Scientists from Nanyang Technological University, Singapore (NTU Singapore) have found a way to create biocement from waste, making the alternative to regular cement even greener and more sustainable.
Biocement is a renewable form of cement that typically uses bacteria to form a hardening reaction that binds soil into a solid block.
In its statement, NTU said its scientists have now managed to use two common waste materials, industrial carbide sludge and urea – from the urine of mammals – to create biocement.
They developed a process in which the reaction of urea with calcium ions in industrial carbide sludge forms a hard solid, or precipitate. When this reaction takes place in soil, the precipitate bonds soil particles together and fills the gaps between them, creating a compact mass of soil. This results in a strong, sturdy and less permeable block of biocement.
The research team, led by Professor Chu Jian, chair of the School of Civil and Environmental Engineering, showed in a proof-of-concept research paper published in February 2022 in the Journal of Environmental Chemical Engineering that their biocement could potentially become a sustainable and cost-effective method for soil improvement, such as strengthening the ground for use in construction or excavation, controlling beach erosion, reducing dust or wind erosion in the desert, or building freshwater reservoirs on beaches or in the desert.
It can also be used as biogrout to seal cracks in rock for seepage control and even to touch up and repair monuments like rock carvings and statues.
“Biocement is a sustainable and renewable alternative to traditional cement and has great potential to be used for construction projects that require the ground to be treated,” said Prof Chu, who is also the director of NTU’s Centre for Urban Solutions.
“Our research makes biocement even more sustainable by using two types of waste material as its raw materials. In the long run, it will not only make it cheaper to manufacture biocement, but also reduce the cost involved for waste disposal.”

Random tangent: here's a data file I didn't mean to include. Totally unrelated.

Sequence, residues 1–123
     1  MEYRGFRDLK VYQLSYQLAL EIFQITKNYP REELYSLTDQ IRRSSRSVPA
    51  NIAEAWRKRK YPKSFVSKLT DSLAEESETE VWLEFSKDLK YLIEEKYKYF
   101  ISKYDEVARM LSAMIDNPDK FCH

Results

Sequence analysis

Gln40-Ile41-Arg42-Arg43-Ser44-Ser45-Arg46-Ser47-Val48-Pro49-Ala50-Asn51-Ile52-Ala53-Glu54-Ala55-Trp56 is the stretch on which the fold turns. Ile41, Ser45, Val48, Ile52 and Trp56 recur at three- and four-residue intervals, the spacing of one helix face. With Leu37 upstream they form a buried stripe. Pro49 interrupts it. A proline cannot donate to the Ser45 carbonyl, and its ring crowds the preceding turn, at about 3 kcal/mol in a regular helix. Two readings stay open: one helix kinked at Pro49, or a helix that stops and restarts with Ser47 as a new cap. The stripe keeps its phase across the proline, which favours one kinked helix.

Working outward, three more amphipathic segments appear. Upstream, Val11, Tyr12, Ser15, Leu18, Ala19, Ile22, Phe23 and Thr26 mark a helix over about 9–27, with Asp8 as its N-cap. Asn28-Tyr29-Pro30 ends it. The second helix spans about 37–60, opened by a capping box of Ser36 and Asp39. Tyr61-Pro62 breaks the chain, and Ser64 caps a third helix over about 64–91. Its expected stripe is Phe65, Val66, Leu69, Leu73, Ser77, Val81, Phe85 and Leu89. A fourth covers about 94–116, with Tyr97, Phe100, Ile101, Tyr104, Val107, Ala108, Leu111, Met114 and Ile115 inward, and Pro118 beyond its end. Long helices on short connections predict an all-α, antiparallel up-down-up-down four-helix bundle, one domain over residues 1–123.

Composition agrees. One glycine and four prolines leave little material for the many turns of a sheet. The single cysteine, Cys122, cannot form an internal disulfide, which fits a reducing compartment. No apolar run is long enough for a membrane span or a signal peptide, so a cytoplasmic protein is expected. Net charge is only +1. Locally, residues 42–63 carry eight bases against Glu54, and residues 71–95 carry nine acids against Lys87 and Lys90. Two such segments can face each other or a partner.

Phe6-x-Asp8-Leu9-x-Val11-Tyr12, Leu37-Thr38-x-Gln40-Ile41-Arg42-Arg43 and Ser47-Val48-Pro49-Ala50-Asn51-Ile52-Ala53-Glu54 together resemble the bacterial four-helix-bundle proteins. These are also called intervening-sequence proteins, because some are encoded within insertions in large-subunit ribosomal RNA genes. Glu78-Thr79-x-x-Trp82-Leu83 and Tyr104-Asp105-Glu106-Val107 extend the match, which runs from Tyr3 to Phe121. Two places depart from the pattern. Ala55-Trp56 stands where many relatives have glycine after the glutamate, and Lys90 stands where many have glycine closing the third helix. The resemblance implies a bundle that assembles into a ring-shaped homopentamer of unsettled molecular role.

The NTU scientists’ research supports the NTU 2025 strategic plan which aims to address some of humanity’s grand challenges, including in mitigating human impact on the environment through advancing research and development in sustainability.
The recipe: urine, bacteria and calcium
The biocement-making process requires less energy and generates fewer carbon emissions compared to traditional cement production methods, explained NTU.
The NTU team’s biocement is created from two types of waste material: industrial carbide sludge – the waste material from the production of acetylene gas, sourced from Singapore factories – and urea found in urine.
Firstly, the team treats carbide sludge with an acid to produce soluble calcium. Urea is then added to the soluble calcium to form a cementation solution. The team then adds a bacterial culture to this cementation solution. The bacteria from the culture then break down the urea in the solution to form carbonate ions.
These ions react with the soluble calcium ions in a process called microbially induced calcite precipitation (MICP). This reaction forms calcium carbonate – a hard, solid material that is naturally found in chalk, limestone and marble.
When this reaction occurs in soil or sand, the resulting calcium carbonate generated bonds soil or sand particles together to increase their strength and fills the pores between them to reduce water seepage through the material. The same process can also be used on rock joints, which allows for the repair of rock carvings and statues.